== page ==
Bobbing on boiling water

  • Datum 27-01-2011
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Jos van der Burg discusses how atrociously bad films have taken him out of his comfort zone a lot more often than astonishingly good ones. "It’s been a long time since I felt the kind of sucker punch that irréversible gave me."

"Comfort zone" is the psychologist’s new buzzword and will doubtlessly soon spawn a shelfload of self-help books. Until a few years ago these same psychologists still urged us to calmly go with the flow, the same flow they are now telling us to swim out from. Only then can we start growing again. Floating along on the stream offers us no challenges and causes rigidity. The brain needs to be stimulated and taunted to be awakened. This is how psychologists keep themselves in business, because five years from now, their waiting rooms are going to be full of distressed people that have swum too far out of their comfort zones. But I digress.

Films can make us uncomfortable in two ways: astonishingly good films can shatter our images of ourselves and of the world around us, but so can really bad films. Both can cause an earthquake followed by a series of aftershocks.
Eight years ago I saw irréversible in Cannes. Filmmaker Gaspar Noé had made seul contre tous, so nobody went into irréversible expecting two hours of serenity. However, I could never have imagined that the shock would be this great. From the first scene till the last I was nailed to my chair. When the final image gave way to booing and cheering I was unable to join either chorus — the film had grabbed me by the throat and was still holding it tightly closed. I had seen a masterpiece that redrew the boundaries and changed my self-image.
irréversible is the tale of a young man’s search for the man who raped his girlfriend. It contains two controversial, much-discussed scenes: the rape of the girlfriend in a subterranean passageway, stretched out over several minutes, and the boyfriend bashing in the head of the man he presumes to be the rapist, by means of a fire extinguisher.

Free will
These scenes will forever be burned onto my retina. More disturbing than this was the realisation that I could entirely relate to the young man’s quest for vengeance. I had to face the fact I would probably have done the exact same thing had I been in his shoes. Perhaps I would also smash the perpetrator’s head in with a fire extinguisher. It was a shocking thought. Later I realised that I’m probably too much of a coward to act with such violence, which was hardly a more comforting thought. irréversible destroyed my image of myself as a rational being. It showed that rational behaviour is nothing more than a lid bobbing atop a pan full of boiling water. I had always disapproved of taking the law into your own hands, but in irréversible I observed approvingly. Noé had me cornered: man is the victim of his own impulses. Tellingly, one of the early scenes features a character who claims that there are no crimes, only acts. Man is no different from animals, and animals cannot commit crimes. In an interview with de Filmkrant Noé explained: ‘During the entire film you’re watching people acting like beasts and you realise that they could have behaved in a civilised way if only the circumstances had been different.’ Free will, in other words, is a fiction. Today this conclusion borders on cliché, but while watching irréversible in that dark theatre in Cannes, it hit me like a hammer.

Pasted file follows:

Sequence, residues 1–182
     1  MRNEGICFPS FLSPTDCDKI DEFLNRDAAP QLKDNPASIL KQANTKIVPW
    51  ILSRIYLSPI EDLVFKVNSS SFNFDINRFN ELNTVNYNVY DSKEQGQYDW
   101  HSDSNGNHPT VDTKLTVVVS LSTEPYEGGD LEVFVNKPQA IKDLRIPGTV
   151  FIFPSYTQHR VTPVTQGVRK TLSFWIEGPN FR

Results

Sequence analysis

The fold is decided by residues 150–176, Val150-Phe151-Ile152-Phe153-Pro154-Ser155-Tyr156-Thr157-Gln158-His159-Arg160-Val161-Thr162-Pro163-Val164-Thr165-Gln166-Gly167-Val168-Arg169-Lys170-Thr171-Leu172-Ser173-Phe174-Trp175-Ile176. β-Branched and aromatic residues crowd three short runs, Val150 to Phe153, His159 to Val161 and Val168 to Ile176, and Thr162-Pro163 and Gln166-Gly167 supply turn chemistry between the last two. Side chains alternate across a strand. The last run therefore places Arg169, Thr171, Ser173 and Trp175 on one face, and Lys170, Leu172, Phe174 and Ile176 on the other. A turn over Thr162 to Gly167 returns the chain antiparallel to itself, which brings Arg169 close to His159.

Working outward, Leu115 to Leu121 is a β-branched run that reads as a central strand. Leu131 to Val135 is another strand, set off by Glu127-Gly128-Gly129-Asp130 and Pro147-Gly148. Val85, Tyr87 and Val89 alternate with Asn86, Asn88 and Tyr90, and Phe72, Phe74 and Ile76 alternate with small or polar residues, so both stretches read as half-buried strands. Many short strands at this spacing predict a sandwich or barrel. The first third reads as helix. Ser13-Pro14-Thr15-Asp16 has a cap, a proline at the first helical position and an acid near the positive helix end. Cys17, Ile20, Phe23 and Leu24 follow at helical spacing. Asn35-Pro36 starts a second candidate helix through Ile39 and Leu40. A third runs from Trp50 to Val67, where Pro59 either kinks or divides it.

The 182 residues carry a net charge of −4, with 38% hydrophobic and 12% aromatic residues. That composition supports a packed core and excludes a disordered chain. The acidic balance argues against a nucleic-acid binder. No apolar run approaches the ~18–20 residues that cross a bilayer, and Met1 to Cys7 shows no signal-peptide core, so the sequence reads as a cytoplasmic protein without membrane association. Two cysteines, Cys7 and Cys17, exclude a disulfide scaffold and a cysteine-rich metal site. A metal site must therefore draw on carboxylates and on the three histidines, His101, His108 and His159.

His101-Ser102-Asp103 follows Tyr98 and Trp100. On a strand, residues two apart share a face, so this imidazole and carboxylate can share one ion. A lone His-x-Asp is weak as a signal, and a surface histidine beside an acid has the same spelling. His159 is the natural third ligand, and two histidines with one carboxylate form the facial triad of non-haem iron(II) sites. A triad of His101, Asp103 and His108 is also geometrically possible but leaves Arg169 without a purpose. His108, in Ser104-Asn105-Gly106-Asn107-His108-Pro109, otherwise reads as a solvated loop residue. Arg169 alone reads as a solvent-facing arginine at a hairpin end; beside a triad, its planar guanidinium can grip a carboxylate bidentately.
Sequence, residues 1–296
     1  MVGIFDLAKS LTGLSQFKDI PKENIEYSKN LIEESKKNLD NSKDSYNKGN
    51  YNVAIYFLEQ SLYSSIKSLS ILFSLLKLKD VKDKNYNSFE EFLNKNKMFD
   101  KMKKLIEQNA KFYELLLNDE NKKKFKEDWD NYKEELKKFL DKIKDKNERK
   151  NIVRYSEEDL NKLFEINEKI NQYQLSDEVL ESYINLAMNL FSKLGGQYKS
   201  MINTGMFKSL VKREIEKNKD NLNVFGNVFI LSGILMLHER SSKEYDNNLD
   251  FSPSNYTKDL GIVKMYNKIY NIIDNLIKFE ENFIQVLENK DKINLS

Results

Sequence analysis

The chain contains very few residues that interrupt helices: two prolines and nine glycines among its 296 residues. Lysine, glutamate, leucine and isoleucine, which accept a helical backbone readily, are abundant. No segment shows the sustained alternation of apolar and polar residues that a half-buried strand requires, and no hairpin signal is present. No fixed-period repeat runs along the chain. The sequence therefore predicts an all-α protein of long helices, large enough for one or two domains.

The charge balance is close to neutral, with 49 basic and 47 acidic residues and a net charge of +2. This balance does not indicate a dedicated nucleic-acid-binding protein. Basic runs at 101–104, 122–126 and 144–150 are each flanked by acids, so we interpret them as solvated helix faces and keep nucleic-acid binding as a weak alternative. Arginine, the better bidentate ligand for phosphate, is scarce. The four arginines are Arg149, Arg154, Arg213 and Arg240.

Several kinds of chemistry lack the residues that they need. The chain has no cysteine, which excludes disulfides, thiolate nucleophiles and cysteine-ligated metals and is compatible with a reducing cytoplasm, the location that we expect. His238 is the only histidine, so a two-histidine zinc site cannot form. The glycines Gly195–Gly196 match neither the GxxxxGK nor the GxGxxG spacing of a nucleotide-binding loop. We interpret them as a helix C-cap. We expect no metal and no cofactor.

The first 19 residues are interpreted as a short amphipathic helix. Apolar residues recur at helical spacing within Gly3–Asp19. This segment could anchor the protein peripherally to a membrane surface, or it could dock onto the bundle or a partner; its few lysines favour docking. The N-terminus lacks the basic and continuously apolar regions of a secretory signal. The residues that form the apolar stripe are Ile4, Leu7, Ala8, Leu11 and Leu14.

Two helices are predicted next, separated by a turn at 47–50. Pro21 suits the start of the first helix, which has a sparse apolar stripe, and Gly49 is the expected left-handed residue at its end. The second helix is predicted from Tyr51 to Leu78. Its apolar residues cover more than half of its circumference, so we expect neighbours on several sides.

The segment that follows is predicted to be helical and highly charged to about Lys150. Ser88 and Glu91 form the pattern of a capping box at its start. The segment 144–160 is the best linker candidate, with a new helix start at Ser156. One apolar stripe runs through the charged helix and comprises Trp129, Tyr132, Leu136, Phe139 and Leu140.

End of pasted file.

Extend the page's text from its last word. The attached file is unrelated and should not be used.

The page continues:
Dick-a-minute humour
Atrociously bad films push me out of my comfort zone for a different reason. ‘Do the people who made this really think I find this amusing?’, I fumigate as I watch the kind of films that feature jokes so moronic that any viewer with more than ten brain cells would feel insulted. I’m talking about films like deuce bigelow: european gigolo, whose creators believe that infantile equals funny. How droll, a man with a penis for a nose! Humour holds no secrets to the denizens of Hollywood’s netherregions. This dick-a-minute humour annoys me, but the advantage is that there is no need to second-guess the makers’ sense of humour. In other cases, this is impossible to gauge. Take love & other drugs for instance, in which a couple films themselves having sex. The boy’s brother finds the recording and masturbates to it, resulting in us watching a young man jerking off to a video of his brother fucking. The makers imagine I will find this funny, but what I see is someone in desperate need of a shrink. Why do these people think this is funny?
What conclusion can we draw from this? In recent years, atrociously bad films have taken me out of my comfort zone a lot more often than astonishingly good ones. What does this say about me? And more importantly: what does this say about the state of world cinema? It’s been a long time since I felt the kind of sucker punch that irréversible gave me. Lars von Trier made an attempt with antichrist, but never went beyond sensationalism. Where are the earth-shattering films? Who will kick the film industry out of its comfort zone?

Jos van der Burg
Translation Tom Mes

Jos van der Burg is part of the editorial team of de Filmkrant and senior film critic for the Dutch daily newspaper Het Parool.